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Family Won't Discuss POW's Rescue

May 30, 2003|From Associated Press

PALESTINE, W.Va. — PALESTINE, W. Va. -- Friends and family of former prisoner of war Jessica Lynch avoided talking Thursday about reports that U.S. troops made her rescue from an Iraqi hospital unnecessarily dramatic and that the Pentagon overstated the risks.

"The politics of war never enter our minds. Our big concern is Jessi is alive," said Lew Peck, a Wirt County deputy sheriff and family friend. "The politics, if they want to fight it out on TV, I don't care."

Lynch's father, Greg, would not talk about the details of her ordeal at a news conference Thursday intended to thank volunteers who have spent the last seven weeks remodeling his family's home.

"We're really not supposed to talk about that subject," her father said. "It's still an ongoing investigation and we can't talk about nothing like that."

He later said nobody had specifically told the family not to discuss the case.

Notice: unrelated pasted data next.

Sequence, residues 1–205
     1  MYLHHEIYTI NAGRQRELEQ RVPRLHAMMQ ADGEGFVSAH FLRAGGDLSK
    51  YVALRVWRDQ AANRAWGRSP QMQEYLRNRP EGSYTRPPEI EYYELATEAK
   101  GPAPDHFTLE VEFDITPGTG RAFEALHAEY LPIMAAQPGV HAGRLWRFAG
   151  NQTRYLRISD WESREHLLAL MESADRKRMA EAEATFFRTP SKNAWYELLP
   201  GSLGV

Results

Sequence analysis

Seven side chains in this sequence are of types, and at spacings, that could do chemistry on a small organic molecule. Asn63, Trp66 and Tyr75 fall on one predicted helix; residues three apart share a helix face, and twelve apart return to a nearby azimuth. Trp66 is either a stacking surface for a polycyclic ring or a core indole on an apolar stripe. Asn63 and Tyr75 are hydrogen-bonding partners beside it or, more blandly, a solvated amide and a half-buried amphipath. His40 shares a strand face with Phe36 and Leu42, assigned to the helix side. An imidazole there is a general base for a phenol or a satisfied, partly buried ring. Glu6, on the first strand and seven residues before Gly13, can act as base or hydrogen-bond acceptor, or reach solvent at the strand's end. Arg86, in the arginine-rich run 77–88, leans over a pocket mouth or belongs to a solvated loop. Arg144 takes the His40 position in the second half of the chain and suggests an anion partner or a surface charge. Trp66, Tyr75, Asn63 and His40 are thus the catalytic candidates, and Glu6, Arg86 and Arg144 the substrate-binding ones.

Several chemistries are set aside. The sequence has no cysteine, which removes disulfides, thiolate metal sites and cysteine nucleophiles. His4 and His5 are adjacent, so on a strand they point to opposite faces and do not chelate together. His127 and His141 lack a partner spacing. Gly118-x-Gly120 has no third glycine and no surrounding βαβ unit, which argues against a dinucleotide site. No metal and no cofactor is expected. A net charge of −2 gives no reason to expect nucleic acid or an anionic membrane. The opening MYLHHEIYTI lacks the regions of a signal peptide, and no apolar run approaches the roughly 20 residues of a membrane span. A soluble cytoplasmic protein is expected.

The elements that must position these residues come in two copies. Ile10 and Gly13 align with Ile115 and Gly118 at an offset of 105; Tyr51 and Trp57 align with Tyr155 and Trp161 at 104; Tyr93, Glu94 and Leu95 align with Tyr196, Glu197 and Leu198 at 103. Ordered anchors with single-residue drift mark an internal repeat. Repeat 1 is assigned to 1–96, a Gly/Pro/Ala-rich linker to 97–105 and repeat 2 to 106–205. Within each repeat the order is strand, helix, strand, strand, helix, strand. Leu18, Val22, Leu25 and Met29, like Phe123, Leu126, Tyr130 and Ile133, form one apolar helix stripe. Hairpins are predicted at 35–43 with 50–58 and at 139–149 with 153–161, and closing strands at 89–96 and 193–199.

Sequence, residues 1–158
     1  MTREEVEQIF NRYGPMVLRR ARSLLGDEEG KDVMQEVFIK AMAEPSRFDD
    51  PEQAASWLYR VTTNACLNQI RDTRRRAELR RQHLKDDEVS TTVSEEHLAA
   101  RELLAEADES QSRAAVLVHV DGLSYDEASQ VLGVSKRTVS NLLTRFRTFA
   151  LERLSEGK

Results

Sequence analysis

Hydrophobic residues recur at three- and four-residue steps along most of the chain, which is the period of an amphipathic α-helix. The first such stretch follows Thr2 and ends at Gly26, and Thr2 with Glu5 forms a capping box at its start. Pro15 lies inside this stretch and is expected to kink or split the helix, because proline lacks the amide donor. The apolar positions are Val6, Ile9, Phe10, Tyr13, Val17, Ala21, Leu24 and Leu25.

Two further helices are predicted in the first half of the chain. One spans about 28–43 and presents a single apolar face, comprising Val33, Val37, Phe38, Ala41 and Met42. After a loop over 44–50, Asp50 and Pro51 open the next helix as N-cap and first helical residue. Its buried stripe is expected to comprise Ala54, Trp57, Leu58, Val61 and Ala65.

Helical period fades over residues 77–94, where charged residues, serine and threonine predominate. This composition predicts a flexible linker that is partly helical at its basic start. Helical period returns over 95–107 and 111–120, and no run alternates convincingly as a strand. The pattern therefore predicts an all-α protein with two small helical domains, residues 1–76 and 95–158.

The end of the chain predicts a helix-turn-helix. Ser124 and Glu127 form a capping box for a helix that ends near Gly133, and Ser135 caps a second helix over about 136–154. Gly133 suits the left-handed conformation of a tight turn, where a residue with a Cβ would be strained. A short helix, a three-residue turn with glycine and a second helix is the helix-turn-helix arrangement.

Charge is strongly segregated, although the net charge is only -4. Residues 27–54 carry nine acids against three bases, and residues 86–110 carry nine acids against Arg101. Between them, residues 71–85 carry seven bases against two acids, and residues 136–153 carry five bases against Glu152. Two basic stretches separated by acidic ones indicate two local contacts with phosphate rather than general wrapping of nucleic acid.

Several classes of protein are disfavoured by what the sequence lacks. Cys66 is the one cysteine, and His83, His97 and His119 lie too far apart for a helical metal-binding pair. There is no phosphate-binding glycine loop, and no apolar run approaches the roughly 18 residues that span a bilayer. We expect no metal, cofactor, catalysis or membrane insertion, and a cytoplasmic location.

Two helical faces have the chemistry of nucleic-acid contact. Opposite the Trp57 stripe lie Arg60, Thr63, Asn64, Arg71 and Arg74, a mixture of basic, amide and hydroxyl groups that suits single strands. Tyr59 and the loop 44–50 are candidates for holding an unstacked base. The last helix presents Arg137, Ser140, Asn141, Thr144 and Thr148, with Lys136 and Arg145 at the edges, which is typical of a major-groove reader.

Lynch's sister Brandi read a statement that said her sister considers her rescuers heroes.

"She sees herself as nothing more than a soldier who was doing her duty," Brandi said. "She is more concerned about the welfare of the other soldiers, especially those in the 507th."

Lynch, who most likely was injured during an ambush when her vehicle was hit by a grenade and rolled over, has been recovering at Walter Reed Army Medical Center in Washington, D.C., where she is learning to walk again.

"We're just focusing on her improvement and therapy and getting the right foods into her so her bones can grow back," Greg Lynch said.

Iraqi staff at the Nasiriyah hospital where Lynch was rescued April 1 told Associated Press that there was no Iraqi military presence and no resistance from medical personnel when U.S. troops carried away the soldier in the dead of night with helicopter and armored vehicle backup. Doctors have said Lynch's rescuers rejected offers of a master key, choosing to break down doors with their guns drawn.

U.S. military officers said rescuers didn't know Iraqi troops had left the hospital and had to storm in ready for any circumstance. They added that U.S. troops outside the hospital were fired on and fighting was still going on elsewhere in the city.

Lynch, a supply clerk and a private first class, became one of the best-known figures of the war with Iraq after she was captured when her unit was ambushed March 23 in southern Iraq after making a wrong turn. She suffered multiple broken bones, 11 of her comrades were killed and five other members of the 507th Maintenance Company were taken prisoner.

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